Above: A detail of artwork assembled from multiple image elements to celebrate DigicelTT’s 777 promotion winner.
BitDepth#1172 for November 22, 2018
The press release announcing the winner of Digicel’s 777 promotion was a little odd and not only because of the appalling Photoshop compositing.
The photo of the winner, typically a celebration of a winner’s joy at landing the grand prize, was quite determinedly pixellated, her face obscured digitally.
This was the end of a series of random draws among the telecommunications provider’s customers that had dispensed more than a hundred thousand dollars in cash, smartphones and phone credit.
Ms C Ragoonanan, who reached out to me by phone after Digicel relayed my interest in her win to her, was bubbling with excitement days after she took the fateful call that let her know that she’d won a million dollars in the company’s draw.
It took the combined efforts of Penny Gomez, the company’s PR Director and Jabbor Kayumov, the new CEO and architect of the company’s refreshed push to reward customers and encourage more switchers, to persuade Ms Ragoonanan that yes, she’d won a million dollars.
“I didn’t believe it at first,” she said.
“The guy, the DJ who called put Miss Penny on, then Mr Jabbor, then I began to believe.”
Then reality set in.
“When I settled down after, I was numb at first,” Ragoonanan recalled, “I wasn’t thinking about the million, then I talked with my family and we decided to limit my identity.”
“Some people have recognised my name. I saw a picture of me in the paper, it looked like me, but it didn’t look like me.”
“I am still in denial. Some people might have been screaming and bawling, but that isn’t me.”
Ragoonanan lives here, in Trinidad and Tobago today, and in retrospect, winning a million dollars is both a tremendous gift and an onerous curse.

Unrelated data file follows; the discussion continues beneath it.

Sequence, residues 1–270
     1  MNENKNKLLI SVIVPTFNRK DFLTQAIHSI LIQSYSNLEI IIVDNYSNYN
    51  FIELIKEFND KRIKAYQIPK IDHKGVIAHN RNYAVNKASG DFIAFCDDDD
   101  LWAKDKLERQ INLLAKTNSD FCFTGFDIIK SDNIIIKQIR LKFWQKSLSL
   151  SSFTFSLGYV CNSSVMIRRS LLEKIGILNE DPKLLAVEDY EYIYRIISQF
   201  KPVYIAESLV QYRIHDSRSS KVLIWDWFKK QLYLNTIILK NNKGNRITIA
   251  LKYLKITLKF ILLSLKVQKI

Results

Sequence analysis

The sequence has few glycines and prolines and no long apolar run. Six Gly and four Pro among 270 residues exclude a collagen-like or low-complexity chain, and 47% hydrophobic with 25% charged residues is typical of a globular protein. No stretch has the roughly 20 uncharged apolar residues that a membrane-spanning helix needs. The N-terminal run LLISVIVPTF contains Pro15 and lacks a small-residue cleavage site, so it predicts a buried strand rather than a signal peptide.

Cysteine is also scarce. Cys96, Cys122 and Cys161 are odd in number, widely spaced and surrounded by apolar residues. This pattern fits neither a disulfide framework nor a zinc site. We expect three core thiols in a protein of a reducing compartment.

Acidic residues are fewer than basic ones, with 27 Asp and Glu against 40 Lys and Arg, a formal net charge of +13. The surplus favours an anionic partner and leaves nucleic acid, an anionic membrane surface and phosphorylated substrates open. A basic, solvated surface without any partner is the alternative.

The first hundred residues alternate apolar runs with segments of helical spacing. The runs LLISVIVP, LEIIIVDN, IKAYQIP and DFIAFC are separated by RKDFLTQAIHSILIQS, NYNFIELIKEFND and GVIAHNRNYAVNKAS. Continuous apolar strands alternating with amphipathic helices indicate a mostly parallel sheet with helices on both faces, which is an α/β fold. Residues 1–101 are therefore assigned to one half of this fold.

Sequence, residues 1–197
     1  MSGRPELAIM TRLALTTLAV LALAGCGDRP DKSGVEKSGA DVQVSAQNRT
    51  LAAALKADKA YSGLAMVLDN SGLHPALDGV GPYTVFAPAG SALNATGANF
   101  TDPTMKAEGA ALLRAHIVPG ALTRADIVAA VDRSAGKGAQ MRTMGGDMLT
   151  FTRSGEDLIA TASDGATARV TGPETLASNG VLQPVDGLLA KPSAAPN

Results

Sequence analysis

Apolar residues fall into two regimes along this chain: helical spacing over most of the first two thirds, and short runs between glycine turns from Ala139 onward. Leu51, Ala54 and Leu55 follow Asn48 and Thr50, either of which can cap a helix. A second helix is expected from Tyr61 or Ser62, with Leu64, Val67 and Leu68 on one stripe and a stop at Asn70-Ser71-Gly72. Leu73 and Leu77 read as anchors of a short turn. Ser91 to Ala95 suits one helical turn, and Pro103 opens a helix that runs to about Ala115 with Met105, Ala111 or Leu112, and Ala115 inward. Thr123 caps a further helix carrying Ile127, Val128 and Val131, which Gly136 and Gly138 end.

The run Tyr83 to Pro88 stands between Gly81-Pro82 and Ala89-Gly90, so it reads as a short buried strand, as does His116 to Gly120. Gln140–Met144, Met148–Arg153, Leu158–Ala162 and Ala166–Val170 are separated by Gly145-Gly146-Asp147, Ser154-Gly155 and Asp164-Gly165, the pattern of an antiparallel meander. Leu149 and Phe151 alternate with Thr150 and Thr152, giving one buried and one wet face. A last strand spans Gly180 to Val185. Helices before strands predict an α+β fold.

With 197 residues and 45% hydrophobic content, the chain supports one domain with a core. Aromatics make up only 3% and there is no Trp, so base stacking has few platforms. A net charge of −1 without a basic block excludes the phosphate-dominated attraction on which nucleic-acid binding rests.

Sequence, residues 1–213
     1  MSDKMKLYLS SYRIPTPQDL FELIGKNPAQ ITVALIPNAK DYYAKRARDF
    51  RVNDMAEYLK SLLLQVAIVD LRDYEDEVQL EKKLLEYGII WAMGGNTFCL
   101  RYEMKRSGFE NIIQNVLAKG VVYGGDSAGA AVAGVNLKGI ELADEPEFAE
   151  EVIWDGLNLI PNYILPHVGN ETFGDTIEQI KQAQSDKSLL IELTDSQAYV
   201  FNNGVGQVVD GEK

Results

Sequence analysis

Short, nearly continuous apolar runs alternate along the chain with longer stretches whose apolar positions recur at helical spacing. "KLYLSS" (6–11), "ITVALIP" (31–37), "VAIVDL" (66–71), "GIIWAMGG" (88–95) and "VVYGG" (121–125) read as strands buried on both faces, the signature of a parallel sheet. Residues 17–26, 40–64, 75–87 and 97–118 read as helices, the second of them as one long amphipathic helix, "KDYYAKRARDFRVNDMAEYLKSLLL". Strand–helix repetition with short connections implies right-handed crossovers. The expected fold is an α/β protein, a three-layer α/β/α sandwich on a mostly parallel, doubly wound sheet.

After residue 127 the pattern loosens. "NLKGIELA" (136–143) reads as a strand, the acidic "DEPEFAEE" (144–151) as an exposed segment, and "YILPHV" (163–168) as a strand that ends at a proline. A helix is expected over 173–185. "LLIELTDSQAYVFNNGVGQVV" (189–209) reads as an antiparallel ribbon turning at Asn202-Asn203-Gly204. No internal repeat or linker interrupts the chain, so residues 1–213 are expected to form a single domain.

“My family…some I’m not hearing from, some genuinely happy for me and some aren’t saying anything at all. Same thing at work.”
The new winner, unsurprisingly, didn’t quite know what to do with her windfall and during our conversation mentioned that she was still to get back to the company about her bank transfer information.
“They were going to do a check, but then decided to do the bank transfer, but I don’t know that information offhand.”
Then she asked me something surprising.
“What you think I should do?”
I remembered the buzz that began in my head when my retirement plan matured and the way that everything looked like a problem that could be solved with cash. It’s actually true. When you have a hammer, everything starts to look like a nail.
Like everyone skating by on a salary in lean times, Digicel’s new winner has stuff she needs to do.
There are loans to settle, a landslide threatening her home to deal with and with Christmas coming, she would like to do a little charity.
By this point, our conversation had drifted from being a cross-examination into her circumstances into the kind of jerky narrative that people share after going through a shocking experience.
Journalists aren’t supposed to intervene, but I’d been asking all the questions and getting an unhesitating flow of answers.
“I think you should talk to a serious financial advisor,” I finally responded.
“Not some insurance agent calling himself a financial advisor, but somebody who acts independent of any business and in your interests only.”
I offered a couple of names and left it at that.
Digicel did not respond to a request to comment on the winner’s request to mask her identity.
In a past that now seems so very long ago, winners were photographed gleefully getting their envelopes, the PR of the moment enveloping the organisation in a warm glow of largesse.
But Digicel shouldn’t worry much about their winner who has been a customer since it began operations in Trinidad and Tobago. She’s probably an evangelist for life.
“I plan to stay with Digicel,” she said firmly, “I find I get value for money.”
Mark Lyndersay is the editor of technewstt.com. An expanded version of this column can be found there.